FujiX in the Arctic - WarrenHenryLewis

     I recently had the privilege to travel to the Arctic for a workshop with Joshua Holko (www.joshuaholko.com) to spend 10 days aboard the M/S Origo and sail north to photograph the King of the Arctic, Ursus Maritimus, the Polar Bear. I booked the trip in October, which gave me 9 months to sort out my camera equipment needs. Here is my equipment list with my thoughts.


     I brought 3 bodies with me. 2 X-T2’s and an X-Pro2. The X-T2’s both had extended battery grips with Fuji or 3rd party batteries. Battery life was never an issue and I really appreciated the tilt screen for images that I took either laying flat or at weird angles. An X-T2 and the X-Pro 2 both have L-brackets to use with a tripod. I only used my tripod when I did time lapses. The built in intervolometer was super handy and performed flawlessly. I have a quest for the perfect camera strap and used 2 systems. On the bodies with the L-bracket, I use the Peak Design strap. I’m primarily a landscape photographer and I like how quickly I can disconnect the body when it’ s on a tripod., one less potential for shake. On the other body I have a Black Rapid R strap. When we would go out on Zodiacs I’d were the double R strap and attach a camera to each side. My auto-inflating vest went over that and was surprisingly comfortable and only slightly dorky. The cameras were all set up identically and I shot in RAW, sequential. Primarily single focus point and spot metering with the shutter at Continuous High and the bracketing option was set to 3 exposures, +/- 3 stops. I generally used aperture preferred, at f8 or f11, with the Auto ISO set so the minimum shutter speed was 1/500th of a second. I exposed to the right and used the exposure compensation dial constantly. The “Q” menu was very handy for making adjustments quickly with gloves or mittens on.


     *10-24 f4 Zoom

When I’m in Iceland, this lens never leaves a body. I was surprised how few images were taken with this lens. Out of the 22,223 images taken, 187 were with this lens. *16-55 f2.8 Zoom This lens never sees a lot of play in my photography. This was the 2nd most use lens of my trip. Out on Zodiac boats, we were never super close for wide shots of glaciers and this was the perfect lens for those shots.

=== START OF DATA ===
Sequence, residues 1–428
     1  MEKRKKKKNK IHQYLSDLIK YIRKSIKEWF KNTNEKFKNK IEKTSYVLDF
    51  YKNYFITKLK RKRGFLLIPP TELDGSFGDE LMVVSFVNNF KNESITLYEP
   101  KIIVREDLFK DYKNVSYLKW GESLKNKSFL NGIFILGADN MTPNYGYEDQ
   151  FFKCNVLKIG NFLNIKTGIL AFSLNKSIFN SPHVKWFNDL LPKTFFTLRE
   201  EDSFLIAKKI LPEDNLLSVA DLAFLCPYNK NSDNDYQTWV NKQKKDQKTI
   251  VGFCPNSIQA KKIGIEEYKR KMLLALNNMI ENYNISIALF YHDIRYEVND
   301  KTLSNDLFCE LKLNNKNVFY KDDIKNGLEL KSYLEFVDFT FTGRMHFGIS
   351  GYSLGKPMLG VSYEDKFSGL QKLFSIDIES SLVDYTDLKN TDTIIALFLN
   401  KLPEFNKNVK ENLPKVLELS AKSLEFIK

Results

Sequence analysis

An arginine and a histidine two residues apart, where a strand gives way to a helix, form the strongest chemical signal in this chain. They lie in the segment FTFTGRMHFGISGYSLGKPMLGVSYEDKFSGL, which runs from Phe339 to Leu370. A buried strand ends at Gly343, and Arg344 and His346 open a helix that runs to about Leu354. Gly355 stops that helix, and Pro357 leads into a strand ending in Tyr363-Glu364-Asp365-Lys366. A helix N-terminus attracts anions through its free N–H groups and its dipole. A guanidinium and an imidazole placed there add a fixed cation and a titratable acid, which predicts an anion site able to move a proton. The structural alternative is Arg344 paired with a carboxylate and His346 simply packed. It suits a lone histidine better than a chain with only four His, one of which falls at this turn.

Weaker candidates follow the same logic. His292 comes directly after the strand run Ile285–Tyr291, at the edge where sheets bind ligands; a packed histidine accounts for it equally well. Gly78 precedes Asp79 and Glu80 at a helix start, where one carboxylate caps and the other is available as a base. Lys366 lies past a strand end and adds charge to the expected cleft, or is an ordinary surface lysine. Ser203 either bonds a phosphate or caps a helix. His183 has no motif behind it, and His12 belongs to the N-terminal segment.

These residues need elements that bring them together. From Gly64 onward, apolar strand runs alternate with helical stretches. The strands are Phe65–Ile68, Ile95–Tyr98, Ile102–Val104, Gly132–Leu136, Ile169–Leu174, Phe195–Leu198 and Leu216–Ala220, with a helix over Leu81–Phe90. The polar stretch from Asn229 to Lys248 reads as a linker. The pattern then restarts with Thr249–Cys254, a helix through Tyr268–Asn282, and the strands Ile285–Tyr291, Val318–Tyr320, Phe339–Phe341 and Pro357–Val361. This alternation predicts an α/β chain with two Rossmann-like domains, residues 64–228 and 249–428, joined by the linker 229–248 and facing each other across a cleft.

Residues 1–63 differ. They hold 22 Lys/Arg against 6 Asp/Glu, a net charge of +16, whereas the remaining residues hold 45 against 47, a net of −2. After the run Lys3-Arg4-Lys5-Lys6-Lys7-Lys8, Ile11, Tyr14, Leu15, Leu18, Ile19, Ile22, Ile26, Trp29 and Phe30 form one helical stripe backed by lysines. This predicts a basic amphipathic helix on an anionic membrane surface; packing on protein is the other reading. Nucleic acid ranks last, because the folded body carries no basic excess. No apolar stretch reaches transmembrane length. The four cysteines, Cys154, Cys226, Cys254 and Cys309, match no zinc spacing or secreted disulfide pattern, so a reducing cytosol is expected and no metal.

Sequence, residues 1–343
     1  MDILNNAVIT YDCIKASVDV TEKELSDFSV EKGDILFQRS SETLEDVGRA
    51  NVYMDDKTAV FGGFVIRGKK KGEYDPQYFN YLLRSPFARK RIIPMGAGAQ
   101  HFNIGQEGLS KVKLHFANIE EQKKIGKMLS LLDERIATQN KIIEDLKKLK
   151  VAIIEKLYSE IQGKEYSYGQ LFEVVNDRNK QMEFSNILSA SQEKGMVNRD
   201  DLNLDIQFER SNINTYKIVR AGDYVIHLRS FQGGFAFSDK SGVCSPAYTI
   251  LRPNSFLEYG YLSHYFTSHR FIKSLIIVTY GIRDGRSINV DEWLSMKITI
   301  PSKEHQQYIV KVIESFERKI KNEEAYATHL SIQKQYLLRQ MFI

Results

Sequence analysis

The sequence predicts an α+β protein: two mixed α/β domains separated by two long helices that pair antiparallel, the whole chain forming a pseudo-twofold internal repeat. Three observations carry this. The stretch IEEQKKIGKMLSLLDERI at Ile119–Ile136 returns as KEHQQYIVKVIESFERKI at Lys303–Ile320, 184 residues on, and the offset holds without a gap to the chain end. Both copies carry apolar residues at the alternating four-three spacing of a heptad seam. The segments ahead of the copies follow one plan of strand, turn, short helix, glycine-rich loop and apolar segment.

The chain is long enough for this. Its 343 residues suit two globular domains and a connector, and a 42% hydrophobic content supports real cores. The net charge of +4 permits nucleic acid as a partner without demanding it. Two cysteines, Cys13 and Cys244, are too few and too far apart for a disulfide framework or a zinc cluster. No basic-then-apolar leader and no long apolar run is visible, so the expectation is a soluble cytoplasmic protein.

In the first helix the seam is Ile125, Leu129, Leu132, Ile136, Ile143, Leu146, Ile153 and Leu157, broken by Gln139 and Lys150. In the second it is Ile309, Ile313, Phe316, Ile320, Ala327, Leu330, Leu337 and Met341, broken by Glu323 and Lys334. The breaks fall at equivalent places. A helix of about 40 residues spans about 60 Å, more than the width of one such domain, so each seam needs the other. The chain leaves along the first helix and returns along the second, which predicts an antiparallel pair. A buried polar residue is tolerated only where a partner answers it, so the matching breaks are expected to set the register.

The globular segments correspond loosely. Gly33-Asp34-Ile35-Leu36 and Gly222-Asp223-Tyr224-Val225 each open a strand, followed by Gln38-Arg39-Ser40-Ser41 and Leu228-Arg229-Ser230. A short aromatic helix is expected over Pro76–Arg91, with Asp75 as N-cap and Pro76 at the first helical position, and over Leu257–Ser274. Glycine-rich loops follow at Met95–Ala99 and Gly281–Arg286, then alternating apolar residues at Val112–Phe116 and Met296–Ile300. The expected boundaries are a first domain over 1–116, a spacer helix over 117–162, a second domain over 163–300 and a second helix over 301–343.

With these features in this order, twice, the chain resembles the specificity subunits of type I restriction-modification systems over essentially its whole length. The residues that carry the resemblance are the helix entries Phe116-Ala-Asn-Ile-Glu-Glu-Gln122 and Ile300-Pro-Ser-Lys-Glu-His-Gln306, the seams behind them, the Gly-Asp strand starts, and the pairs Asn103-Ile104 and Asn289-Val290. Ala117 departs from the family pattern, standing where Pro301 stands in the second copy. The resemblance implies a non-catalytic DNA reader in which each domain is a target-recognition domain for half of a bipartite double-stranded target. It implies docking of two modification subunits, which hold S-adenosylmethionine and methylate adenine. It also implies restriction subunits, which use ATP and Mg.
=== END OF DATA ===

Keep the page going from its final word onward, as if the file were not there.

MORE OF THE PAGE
*18-135 f3.4-5.6

Zoom I have a love-hate with this lens. I wanna love it, but I just don’t. Longyearbyrn is a super dusty town and this is where this lens really came into its own. Maybe I’ll start to like the lens.

     *50-150 f2.8 Zoom

A usual go to lens. I was surprised how infrequently this lens saw action. I only used it to photograph birds when they were near the back of the ship. It truly is a stellar performer.

     *100-400 f4.5-5.6 Zoom

I hardly ever use this lens. This trip made up for that. It never left a body and quite often had the 2.0x tele-convertor attached. Beautiful contrast and quick focusing, I do recommend leaving the focus limit off. Sometimes you’re closer than you think and need the full focus range. Not very heavy, the Canon and Nikon shooters were pretty jealous. I had a tripod with a gimbal head for bird photography but it was unnecessary as the lens is very easy to maneuver.

     *The lens I was missing.

Please, please, please Fuji give me a fast 200mm f2.0 lens that I can use with the tele-convertors. Please! I’m desperate! I see that something long and prime is listed on the Fuji Lens Roadmap and I’m waiting to see what it is.

Other Stuff:

     I packed my trusty 13” MacBook Pro loaded with Lightroom, Photoshop and Luminar. My images and catalog were stored on a LaCie 2TB hard drive and Lightroom was set up to automatically duplicate the images onto a second hard drive. When I traveled, the original drive was in my carry on and the duplicate was checked through. My original plan included backing all the images into my Smug Mug account as well. The 22,223 images were too much for the Internet in Longyearbyrn in the 18 hours I had from arriving on shore until my plane departed. Although all the images were not keepers, I never delete until I get home. The original SD cards were locked and placed into my 2nd carry on bag.

     I packed a power convertor for 220V to 110V and my Watson battery chargers. I missed having a dedicated Apple 220 adapter for the laptop. That would have been handy when working in the main Salon on the ship. I did bring my Gitzo tripod, a RRS ball head and Jobu gimbal. As I mentioned earlier, the tripod was only used for a few time-lapse sequences. On my next trip to the Arctic, I’ll probably leave my tripod at home and bring a GoPro instead.

     As a landscape photographer I travel with Polarizer filters and some very dark ND filters. They will stay at home next trip. 2 smaller dry bags will be added to my kit for the next trip. I had just one really big one for the Zodiacs and it was kind of awkward.


     Layers. Merino Wool and more layers. 2 or 3 thin layers are much warmer than 1 thick layer and you have the added bonus of the ability to shed a layer if needed. A few extra hats, gloves, mittens and glove liners so things can dry is essential. Gore-Tex, Muck Arctic Boots, and splurge on electric mittens for the long wet Zodiac rides back to the ship. All the expedition grade clothing is now made with really cool space age material and is super thin and light. You no longer feel like the Michelin man…

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